Herein, in this study, we characterize the participation of VEGFR2 in the regulation of VEGF-A-mediated VSMC cell proliferation. We demonstrate that activated STAT3, which has previously been predominantly linked to VSMC cell proliferation22, is expressed in VSMC cells and is a key mediator of VEGF-A-induced VSMC cell proliferation. Myocardin, a STAT3 interaction protein22, is a critical link in the VEGF-A-VEGFR2-STAT3 signaling pathway, undergoing nitrosylation and the effect on contractile markers expression is inhibited after treating with VEGF-A. The regulation of STAT3 by VEGF-A-VEGFR2 provides a link between Myocardin and STAT3 to regulate VSMC cell phenotypic switch. Interestingly, Myocardin positively modulates GSNOR expression, GSNOR can downregulate GSNO and meanwhile GSNO inhibits the effect on promoting the contractile markers expression by Myocardin via S-nitrosylation, thus creating a negative feedback loop to regulate the VSMC phenotypic switch.

Results

VEGFR2 Is Activated by VEGF-A and Is Required for VSMC Phenotypic Switch

VEGFR2 is known to mediate the full spectrum of VEGF responses in SMC cells9. However, the exact roles of VEGFR2 in regulating the VEGF-mediated VSMC phenotypic switch in T/G HA-VSMC cells are not known. To examine this, we firstly asked the following questions: Does the addition of VEGF to T/G HA-VSMC cell cultures result in VEGFR activation? And, if so, does VEGFR2 play a role in the VEGF-induced VSMC phenotypic switch?

The activation of VEGFR induced by VEGF-A was examined in T/G HA-VSMC by monitoring phosphorylation of the Y-1214 activation site in VEGFR2. Our results demonstrated that VEGFR2 was phosphorylated in a time- and dose-dependent manner. Phosphorylation of Y-1214 peaked at 48 hours after VEGF-A stimulation (Fig. S1A) and increased in a dose-dependent fashion over the VEGF-A concentration range of 25–100 ng/mL (Fig. S1B), which approximates physiologically relevant VEGF-A concentrations. The involvement of VEGFR2 in VEGF-A-induced T/G HA-VSMC cell proliferation was confirmed by treatment of cells with siRNAs of VEGFR2. T/G HA-VSMC cells were transfected with 1 of 3 different VEGFR2-specific siRNAs, or mixture of all three, and 72 hours later cell lysates were examined by Western blot analysis for levels of VEGFR2 protein. Each separate siRNA entity and the mixture of all three were found to be similarly effective at suppressing expression of endogenous VEGFR2 in T/G HA-VSMC cells (Fig. S1C). Likewise, transfection of cells with VEGFR2-specific siRNA resulted in a significant decrease of Cyclin D1 and PCNA expression in response to VEGF treatment (Fig. S1D). Besides, VEGF-A can enhance the expression of stem cell markers CD44 and Sox17 in VSMC (Fig. S2). Human VSMC may be stem cell-derived during the culture process. Therefore, inhibiting VEGFR2 activity by either siRNA or a specific inhibitor is significantly detrimental to VEGF-A-induced VSMC proliferation, indicating that VEGFR2 is activated downstream of VEGF-A in T/G HA-VSMC cells and this activation is required for VEGF-A-stimulated VSMC phenotypic switch.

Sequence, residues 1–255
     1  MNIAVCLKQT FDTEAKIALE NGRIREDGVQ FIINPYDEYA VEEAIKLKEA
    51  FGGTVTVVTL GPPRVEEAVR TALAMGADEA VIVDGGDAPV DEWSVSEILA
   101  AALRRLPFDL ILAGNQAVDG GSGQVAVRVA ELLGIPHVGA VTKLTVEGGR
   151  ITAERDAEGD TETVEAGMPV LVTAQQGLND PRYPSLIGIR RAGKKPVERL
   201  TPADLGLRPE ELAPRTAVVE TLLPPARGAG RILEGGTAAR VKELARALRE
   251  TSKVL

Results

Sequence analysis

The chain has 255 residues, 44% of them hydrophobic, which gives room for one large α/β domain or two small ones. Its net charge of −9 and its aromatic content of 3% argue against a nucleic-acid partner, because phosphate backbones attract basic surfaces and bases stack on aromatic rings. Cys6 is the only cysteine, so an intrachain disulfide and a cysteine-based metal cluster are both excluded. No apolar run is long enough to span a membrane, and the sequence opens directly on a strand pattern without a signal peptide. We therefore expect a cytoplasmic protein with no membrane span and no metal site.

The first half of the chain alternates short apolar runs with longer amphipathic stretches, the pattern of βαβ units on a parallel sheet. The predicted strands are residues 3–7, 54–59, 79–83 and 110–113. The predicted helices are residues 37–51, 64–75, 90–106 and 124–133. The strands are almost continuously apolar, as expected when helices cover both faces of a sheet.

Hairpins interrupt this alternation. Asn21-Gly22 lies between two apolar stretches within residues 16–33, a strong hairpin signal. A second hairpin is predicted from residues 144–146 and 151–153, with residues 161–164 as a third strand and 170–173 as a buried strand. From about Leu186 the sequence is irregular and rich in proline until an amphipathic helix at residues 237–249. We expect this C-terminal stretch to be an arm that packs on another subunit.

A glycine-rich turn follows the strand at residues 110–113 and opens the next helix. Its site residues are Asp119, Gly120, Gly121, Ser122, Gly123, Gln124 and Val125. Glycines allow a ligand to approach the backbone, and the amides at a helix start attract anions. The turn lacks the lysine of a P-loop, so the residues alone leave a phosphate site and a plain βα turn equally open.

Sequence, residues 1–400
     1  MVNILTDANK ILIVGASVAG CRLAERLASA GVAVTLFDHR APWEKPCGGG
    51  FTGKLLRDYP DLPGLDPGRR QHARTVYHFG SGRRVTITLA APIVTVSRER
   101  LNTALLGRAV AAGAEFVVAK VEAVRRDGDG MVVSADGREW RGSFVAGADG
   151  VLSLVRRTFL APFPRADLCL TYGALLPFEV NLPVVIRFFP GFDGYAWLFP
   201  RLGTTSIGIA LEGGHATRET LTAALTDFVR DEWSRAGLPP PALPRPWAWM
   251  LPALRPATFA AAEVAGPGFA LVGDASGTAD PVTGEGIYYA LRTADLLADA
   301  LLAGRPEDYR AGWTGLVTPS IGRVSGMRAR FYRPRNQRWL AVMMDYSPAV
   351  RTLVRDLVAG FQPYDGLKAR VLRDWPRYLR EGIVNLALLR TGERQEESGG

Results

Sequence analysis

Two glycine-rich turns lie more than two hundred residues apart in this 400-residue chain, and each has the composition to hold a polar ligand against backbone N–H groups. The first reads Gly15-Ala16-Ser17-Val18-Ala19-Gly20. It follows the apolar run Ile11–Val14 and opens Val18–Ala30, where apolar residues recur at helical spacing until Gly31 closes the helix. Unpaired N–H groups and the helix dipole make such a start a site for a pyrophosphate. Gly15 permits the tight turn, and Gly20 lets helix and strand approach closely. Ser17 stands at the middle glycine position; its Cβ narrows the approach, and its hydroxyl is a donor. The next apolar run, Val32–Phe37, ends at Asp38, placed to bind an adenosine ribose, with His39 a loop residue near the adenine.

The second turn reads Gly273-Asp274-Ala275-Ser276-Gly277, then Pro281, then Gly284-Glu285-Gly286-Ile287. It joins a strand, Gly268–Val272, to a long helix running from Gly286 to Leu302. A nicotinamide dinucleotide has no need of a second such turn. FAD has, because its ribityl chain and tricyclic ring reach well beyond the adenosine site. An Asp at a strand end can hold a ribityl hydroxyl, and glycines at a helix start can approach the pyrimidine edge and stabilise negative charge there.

STAT3, but Not STAT1 or STAT5, Is Activated by VEGF-A

In human, the STAT family is consisting of seven members, STAT 1–4, STAT5A, STAT5B and STAT6. In general, STAT3 and STAT5A/B promote oncogenesis, while STAT1 has opposing effects23. However, the exact role of STATs in VSMC proliferation remains unclear. To determine which STAT is involved in VEGF-A-induced VSMC proliferation, we screened the activities and expression levels of STAT1, STAT3, and STAT5 after treatment of T/G HA-VSMC cells with VEGF-A. Our previous research showed that VEGF-A (100 ng/mL) potently induced STAT3 activities in T/G HA-VSMC cells and presented in a dose-dependent manner22. When comparing the time course of STAT3 activation to that of VEGFR2, the peak lagged behind VEGFR2 (Fig. S1A), suggesting that STAT3 may act downstream of VEGFR2 to promote the proliferation events induced by VEGF-A in T/G HA-VSMC cells. To determine which STAT protein was activated by VEGF-A in these cells, we detected the phosphorylation of STATs by Western blot analysis. Interestingly, only phosphorylation of STAT3 (but not STAT1 or STAT5) was increased after treatment of T/G HA-VSMC cells with VEGF-A (Fig. 1A). To confirm the finding that STAT3 is activated by VEGF-A, we transfected cells with siRNAs designed for each of the STAT1, STAT3 and STAT5 sequences and then tested the effect on suppressing VEGF-A-induced STAT1, STAT3 and STAT5 activation. VEGF-A significantly enhanced STAT3 phosphorylation in the cells transfected with control siRNAs but has no effects on the STAT1 and STAT5 phosphorylation in the cells transfected with STAT1 and STAT5 siRNAs, respectively. However, the increase of STAT3 phosphorylation was abrogated in the cells transfected with STAT3 siRNA (Fig. 1A). These results suggest that different STAT isoforms might have different cellular functions in VSMC cells because they are being differentially regulated under the same conditions, with STAT3 specifically mediating effects downstream of the VEGF-A signaling.

Figure 1